Spearfish Lake Tales
Contemporary Mainstream Books and Serials Online
“You know,” Tricia said to Heather and Molly over lunch the next day, “that was an interesting evening for it being so totally off the cuff. But you know I’m starting to feel a little guilty about people inviting me to dinner. I mean, I appreciate it and I almost always enjoy it and learn something and come away with a lot of food for thought, but I’m beginning to feel like I should invite some people over in return.”
“So do it,” Heather shrugged. “You have a nice place for a single person and you keep it nice. It’s nothing to be ashamed of.”
“Yeah, but you know I can barely boil water. I can’t very well invite someone to dinner and then open a couple cans of stew.”
“So do something simple,” Molly suggested. “Maybe practice a little to be sure you can do it halfway right before you try it out on company. The neat thing about that, in your situation, is that once you learn how to do something you can do it over and over, since you’d be having different guests each time you served it.”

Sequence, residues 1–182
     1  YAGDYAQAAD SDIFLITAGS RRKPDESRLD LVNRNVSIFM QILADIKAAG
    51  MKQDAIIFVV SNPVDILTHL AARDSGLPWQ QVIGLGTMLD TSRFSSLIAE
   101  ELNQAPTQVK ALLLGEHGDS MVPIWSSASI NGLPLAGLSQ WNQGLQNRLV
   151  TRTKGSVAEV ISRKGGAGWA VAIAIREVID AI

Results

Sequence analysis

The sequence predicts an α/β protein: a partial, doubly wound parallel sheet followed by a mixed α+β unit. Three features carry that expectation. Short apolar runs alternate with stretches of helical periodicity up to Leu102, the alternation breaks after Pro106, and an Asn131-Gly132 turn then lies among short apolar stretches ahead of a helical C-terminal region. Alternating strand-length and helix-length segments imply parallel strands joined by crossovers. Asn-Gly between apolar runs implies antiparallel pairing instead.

“I hate to say it, but I wouldn’t even know where to start.”
“Tricia,” Heather smiled, “You always say you aren’t any good at those kinds of things. There was a time you weren’t any good at medicine, wasn’t there? It took training and practice to get where you are today, didn’t it?”
“Well, of course.”
“It’s exactly the same thing with cooking. God, I don’t know how Russ and Lee and I managed to survive when I first got married. Yes, you make some mistakes along the way, but that’s what garbage cans are for.”